Imagine our world without the various music styles we know and love today. Would Hendrix have blazed “Purple Haydn”? Would hip-hoppers be banging Bach on the block? During Black History Month, would church folk lift every voice, singing Vivaldi?
Sounds bananas, right? Well, this is precisely why a worldwide shout-out goes today to William Christopher Handy, who on this day in 1912 published the sheet music that started it all: The Memphis Blues.
W.C. Handy single-handedly changed the music game. Unfortunately, Handy was hoodwinked, bamboozled, and barely made money from his new-fangled hit song.
But what Handy didn’t receive in U.S. dollars, he surely gained in fame: his staccato-rich ditty triggered the sound revolution that birthed every genre from Jazz to R&B to Rock.
The genius composer, known as the Father of the Blues, is probably tickling the big ivories in the sky right now, if he’s listening to how far it’s all come. In fact, those ivories must be tickled pink with His Ye-Ness — Kanye West — and his bluesy chart-topper, titled Gold Digger.
What’s more, West’s down-home hip-hop hit has spurred a spoof that sums up the times better than anything that Handy might have imagined. George Bush Doesn’t Like Black People, a tune by The Legendary K.O., is set to West’s Gold Digger beat, with this right(eous) hook: “I ain’t sayin’ Bush a gold digger. But he ain’t messin’ with no broke-broke!”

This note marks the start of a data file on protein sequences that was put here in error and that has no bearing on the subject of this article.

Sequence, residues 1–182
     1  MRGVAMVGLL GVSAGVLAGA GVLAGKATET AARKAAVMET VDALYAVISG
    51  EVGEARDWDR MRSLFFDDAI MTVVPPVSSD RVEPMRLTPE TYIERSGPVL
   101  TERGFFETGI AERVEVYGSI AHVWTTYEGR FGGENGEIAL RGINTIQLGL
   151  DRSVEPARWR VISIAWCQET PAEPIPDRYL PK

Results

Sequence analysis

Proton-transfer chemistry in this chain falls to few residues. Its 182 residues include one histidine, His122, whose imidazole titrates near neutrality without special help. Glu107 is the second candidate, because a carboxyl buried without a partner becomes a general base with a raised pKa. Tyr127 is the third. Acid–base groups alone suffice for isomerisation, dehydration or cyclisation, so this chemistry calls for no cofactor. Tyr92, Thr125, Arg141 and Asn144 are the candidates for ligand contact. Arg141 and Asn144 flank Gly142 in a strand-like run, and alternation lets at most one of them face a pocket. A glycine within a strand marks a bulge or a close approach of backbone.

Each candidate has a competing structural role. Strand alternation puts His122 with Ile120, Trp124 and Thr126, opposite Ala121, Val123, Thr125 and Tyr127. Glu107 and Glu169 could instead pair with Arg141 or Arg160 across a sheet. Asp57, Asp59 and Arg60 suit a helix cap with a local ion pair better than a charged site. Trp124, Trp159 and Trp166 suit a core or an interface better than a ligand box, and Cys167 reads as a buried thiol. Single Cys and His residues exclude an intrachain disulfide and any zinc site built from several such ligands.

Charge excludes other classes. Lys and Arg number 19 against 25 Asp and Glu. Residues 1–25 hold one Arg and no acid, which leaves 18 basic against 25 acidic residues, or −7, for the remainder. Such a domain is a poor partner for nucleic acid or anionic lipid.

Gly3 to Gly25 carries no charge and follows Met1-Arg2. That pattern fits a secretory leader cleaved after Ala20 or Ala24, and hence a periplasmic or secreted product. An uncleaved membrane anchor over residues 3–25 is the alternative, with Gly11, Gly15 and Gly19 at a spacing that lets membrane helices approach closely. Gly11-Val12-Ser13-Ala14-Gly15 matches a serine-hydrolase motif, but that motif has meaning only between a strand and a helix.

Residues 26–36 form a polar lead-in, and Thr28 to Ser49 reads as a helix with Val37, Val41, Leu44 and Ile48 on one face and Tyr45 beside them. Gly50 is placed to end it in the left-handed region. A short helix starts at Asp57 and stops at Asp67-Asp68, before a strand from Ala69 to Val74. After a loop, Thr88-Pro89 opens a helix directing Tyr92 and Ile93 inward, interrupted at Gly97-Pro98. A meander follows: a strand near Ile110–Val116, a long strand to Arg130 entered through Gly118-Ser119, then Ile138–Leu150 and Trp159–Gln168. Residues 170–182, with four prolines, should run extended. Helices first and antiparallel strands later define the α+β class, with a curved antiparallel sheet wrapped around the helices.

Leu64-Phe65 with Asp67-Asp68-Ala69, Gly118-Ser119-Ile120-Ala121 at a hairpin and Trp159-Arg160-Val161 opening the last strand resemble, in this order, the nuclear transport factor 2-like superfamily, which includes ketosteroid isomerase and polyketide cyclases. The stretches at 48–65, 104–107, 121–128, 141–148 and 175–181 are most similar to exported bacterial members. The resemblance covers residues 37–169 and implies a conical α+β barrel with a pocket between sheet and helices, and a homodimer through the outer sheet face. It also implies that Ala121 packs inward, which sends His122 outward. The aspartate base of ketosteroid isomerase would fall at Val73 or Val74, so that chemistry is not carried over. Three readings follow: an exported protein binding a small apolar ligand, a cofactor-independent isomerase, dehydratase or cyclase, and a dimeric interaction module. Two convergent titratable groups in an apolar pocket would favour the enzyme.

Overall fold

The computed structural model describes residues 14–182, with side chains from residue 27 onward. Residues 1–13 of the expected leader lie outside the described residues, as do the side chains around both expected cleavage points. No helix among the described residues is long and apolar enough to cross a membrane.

Way to go, Cool Papa Handy! Almost 100 years later, we’re are still singing your praises. And unfortunately, still crying the blues.
And speaking of the Blues and birthdays: Cut the cake also for the legendary Koko Taylor, who turns 75 today. The First Lady of Chicago Blues won a prestigious W.C. Handy Blues Award earlier this year, for Traditional Blues Artist of the Year (Female).